The entire day of January 12th, 1945, we have successfully although slowly have been, moving forward. The clouds hung low, and we haven't seen any of the enemy's planes. Darkness fell early in January, and we encountered the enemy in the late afternoon. On the approaches to a fortified village turned into a strong point we were shot at by tanks and machine-guns. We quickly parted from our tanks and took cover forming a line. Infantry tried to dig in, but orders from battalion commander and tank regiment commander made us move forward. Lucky for us it was almost dark, and the darkness would reduce our casualties. Despite the enemy's fire, in one swift charge we broke into the village and forced the Germans to retreat. Right before the village we came under strong fire and our company divided. A platoon under Vjunov attacked from the left flank, and I with other two platoons from the right. Our tanks supported us, but didn't follow us into the village. They were probably careful about German "Tigers" that were beyond the village and kept an intensive fire at out tanks. As we moved into the village, the "Tigers" did not fire at us out of fear to hit their own infantry that was running out of the village.
With two of my platoons, I came through to the opposite side of the village and took the German trenches that were already empty. That night battle has imprinted itself deep into my memory. We fought off German counterattacks until sunrise. I had no communications with neither the company commander nor Vjunov's platoon. I didn't even know where they were. A machine-gun platoon commander Lieutenant Alexander Guschenkov noticed the direction of my attack. He didn't get confused in the middle of that nightmare and came to our aid. With two crews of "Maxim" machine-guns he took the position on the unprotected right flank of my platoons. They were of the great help to us. The other two companies of our battalion fought on the left flank. The third platoon from our company was also somewhere there.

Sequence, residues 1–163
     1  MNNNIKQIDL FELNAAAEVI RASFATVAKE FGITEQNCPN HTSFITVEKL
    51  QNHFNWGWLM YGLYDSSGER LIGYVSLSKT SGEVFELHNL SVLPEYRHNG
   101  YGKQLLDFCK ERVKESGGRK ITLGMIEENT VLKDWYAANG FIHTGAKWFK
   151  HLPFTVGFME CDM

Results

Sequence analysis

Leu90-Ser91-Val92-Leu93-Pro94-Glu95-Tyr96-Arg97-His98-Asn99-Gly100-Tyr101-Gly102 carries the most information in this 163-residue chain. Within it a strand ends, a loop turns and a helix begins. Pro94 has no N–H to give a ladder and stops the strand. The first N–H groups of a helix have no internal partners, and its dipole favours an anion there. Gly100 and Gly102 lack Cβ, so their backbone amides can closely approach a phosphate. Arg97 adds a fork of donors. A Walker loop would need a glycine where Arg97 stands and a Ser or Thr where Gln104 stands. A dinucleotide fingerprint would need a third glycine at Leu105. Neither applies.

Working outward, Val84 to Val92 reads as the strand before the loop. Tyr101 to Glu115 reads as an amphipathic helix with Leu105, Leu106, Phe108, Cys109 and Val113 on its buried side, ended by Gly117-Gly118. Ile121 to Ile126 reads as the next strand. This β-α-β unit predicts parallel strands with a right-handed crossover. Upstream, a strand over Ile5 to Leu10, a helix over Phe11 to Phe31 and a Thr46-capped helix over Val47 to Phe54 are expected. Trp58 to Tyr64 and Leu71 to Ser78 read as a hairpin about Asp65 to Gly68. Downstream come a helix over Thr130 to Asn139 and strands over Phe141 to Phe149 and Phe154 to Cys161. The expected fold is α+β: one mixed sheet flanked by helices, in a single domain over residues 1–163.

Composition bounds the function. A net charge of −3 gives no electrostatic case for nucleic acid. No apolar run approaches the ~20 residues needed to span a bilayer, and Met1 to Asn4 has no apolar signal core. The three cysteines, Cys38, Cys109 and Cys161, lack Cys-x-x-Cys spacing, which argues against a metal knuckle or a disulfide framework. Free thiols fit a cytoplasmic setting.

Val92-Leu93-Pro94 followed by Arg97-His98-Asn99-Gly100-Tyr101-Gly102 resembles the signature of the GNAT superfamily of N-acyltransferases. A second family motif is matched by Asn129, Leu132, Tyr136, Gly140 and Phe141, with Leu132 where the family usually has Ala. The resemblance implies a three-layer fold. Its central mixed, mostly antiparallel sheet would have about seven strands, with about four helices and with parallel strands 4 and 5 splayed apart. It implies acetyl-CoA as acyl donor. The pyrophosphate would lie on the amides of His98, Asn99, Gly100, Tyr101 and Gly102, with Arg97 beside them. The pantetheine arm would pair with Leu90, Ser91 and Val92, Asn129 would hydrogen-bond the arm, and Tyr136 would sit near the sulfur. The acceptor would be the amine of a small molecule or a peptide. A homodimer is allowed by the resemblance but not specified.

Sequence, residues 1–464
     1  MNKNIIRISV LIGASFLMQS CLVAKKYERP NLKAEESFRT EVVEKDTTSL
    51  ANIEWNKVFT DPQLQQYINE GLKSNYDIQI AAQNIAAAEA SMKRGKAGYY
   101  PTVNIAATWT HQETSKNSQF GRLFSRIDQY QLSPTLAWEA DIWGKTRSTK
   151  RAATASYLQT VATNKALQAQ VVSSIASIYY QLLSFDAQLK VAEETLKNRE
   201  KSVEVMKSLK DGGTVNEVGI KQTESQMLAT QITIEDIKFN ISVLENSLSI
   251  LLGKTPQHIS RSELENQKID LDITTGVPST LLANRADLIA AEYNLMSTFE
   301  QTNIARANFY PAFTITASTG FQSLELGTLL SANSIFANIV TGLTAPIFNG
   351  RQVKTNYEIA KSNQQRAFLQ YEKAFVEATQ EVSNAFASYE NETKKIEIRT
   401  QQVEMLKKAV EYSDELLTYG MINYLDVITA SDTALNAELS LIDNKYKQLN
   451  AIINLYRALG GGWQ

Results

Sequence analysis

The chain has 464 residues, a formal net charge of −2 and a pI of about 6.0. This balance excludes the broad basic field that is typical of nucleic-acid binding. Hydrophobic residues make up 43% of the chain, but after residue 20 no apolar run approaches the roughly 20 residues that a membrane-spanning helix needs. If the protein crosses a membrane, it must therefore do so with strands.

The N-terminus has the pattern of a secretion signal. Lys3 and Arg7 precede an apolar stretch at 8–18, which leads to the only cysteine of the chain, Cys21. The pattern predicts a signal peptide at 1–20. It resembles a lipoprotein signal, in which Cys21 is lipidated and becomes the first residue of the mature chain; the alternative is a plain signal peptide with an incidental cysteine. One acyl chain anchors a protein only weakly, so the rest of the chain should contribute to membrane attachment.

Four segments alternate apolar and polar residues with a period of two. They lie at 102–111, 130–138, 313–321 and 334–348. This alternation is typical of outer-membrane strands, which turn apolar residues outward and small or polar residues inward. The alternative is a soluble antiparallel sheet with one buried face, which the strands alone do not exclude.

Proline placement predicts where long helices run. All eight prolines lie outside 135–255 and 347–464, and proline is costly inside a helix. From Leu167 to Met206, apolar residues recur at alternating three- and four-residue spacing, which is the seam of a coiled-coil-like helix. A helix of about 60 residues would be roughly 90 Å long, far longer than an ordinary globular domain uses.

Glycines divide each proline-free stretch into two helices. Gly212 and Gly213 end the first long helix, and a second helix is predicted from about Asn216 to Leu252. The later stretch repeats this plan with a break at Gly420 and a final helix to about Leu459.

At some time the shooting died down and I decided to walk along the captured trenches. I wanted to support my soldiers and show them that I was with them, which is important to the soldiers especially in the difficult situations.
Sergeant Savkin showed me grenades, helmets, ammunition magazines and mess-tins hidden in the niches in the trenches. I ordered not to touch it. But one soldier either dozing off or jumping up to stay warm brushed on something and was blown up. His body flipped up and he fell as an empty sack, dead. He was the only casualty we had from those "surprises".
Some time later the German infantry attacked us again. But their tanks stayed where they were. By that time our tanks moved up and together we bit the attack off. Our fire forced the infantry to the ground. The German tanks opened fire on the houses setting them on fire. The night battle is always a heavy one, and this battle lasted all night. We couldn't see anything and fired at the muzzle flushes or sometimes at some silhouettes. We couldn't see the results of our fire and its effectiveness was low.